Gita Mehta is a prolific writer in every sense. But she doesn't consider herself a professional writer. She is a journalist, documentary filmmaker, promoter of the Indian experience, and also a writer. She writes a wide range of nonfiction books as well as novels.Gita Mehta was born in southern India in 1944. Her father was an industrialist, flying ace, and also a politician. Mehta witnessed India's transition from a jewel in Britain's crown to a member of the Commonwealth of Nations. Mehta's childhood was not at all usual one. Gita Mehta was the daughter of Biju Patnaik. She was born barely three weeks before the British carted off her father to jail during India's struggle for independence. One of her father's cousins, a nineteen year old poet, had been shot dead on the steps of the Chittagong armory in a bold bid inspired by the Easter uprising in Dublin. When Mehta was nearly three, she went to a boarding school in Kashmir run by nuns. Her mother became active member to the revolutionary movement, and was busy trying to get her father out of jail. It was into this unique family setting that Mehta was born, at an occasion in India's evolution, which energized people with the dream of what India could be. Mehta's father, who had been a leading industrialist in India, abandoned his business interests to devote himself to politics. Her writing career gets strength when she gets married to her fellow student Ajai Singh Mehta while attending Cambridge University.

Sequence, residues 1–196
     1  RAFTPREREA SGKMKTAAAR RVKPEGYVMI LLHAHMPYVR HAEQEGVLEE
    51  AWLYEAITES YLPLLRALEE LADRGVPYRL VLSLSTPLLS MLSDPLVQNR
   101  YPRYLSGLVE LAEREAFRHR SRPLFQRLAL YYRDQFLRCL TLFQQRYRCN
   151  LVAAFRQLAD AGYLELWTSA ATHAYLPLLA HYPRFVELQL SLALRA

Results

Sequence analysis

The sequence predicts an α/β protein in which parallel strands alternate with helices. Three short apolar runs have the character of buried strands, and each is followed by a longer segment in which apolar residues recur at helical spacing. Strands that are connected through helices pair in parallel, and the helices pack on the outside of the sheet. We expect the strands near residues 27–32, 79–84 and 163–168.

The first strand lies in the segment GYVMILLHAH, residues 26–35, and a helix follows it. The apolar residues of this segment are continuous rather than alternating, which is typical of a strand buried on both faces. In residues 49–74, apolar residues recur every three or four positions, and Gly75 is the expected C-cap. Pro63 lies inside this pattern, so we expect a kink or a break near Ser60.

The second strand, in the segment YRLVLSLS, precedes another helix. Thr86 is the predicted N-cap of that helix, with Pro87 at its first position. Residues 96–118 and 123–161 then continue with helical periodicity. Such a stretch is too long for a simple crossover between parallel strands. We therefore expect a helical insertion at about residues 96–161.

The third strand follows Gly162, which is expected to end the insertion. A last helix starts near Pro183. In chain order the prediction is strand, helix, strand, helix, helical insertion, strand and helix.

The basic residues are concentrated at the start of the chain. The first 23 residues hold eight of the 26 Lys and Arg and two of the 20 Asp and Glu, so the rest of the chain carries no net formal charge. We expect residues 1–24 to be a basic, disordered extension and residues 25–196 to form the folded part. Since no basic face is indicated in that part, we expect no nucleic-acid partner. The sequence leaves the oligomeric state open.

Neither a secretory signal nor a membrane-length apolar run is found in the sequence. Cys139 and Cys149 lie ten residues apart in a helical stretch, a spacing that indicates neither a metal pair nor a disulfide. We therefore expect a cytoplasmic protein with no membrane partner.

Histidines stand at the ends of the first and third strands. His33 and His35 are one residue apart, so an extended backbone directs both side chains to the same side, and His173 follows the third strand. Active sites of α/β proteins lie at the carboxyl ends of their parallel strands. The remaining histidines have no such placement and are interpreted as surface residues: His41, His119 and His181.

A River Sutra is the third book by Gita Mehta. A gentle side comes through the novel that leaves the reader feeling deeply for the characters she has created. The author employs a lyricism that is unexpected. The river is the Narmada, one of the holiest in India; and, a sutra is both a thread, and a discourse that constantly unwinds. This appropriately named book can be described, as a study of love, and another look at India sometimes fanciful, sometimes frightening, but always warm-hearted. Mehta tells the story of a retired government official who resides on one of the largest and holiest rivers in India. In his working days the official was never a religious man, but now that he has a chance to relax and observe his surroundings, he is able to take in the diversity around him and start his own questioning about the spiritual side of life. Using this frame, Mehta illustrates the official's encounters with numerous characters who, each in turn, tell their stories to the retired official. As the story proceeds he encounters many characters as for example a Jain mendicant, a Muslim music teacher, a wandering ascetic, a courtesan seeking her kidnapped daughter, a genius sitar player, and a tea plantation official who has encountered Nagas. Mehta uses each character to explore different religious themes that are represented in India and weaves them all into a cohesive search for spiritual truth. India is always a country of unity in diversity and the author has successfully uses this trait.